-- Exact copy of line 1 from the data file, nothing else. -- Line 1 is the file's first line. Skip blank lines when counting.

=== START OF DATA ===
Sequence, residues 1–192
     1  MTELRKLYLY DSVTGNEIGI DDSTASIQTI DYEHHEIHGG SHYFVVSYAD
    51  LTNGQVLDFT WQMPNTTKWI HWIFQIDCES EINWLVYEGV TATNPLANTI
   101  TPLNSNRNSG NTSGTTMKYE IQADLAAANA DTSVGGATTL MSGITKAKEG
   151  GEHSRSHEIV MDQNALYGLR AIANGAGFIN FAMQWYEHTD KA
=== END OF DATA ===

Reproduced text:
Sequence, residues 1–192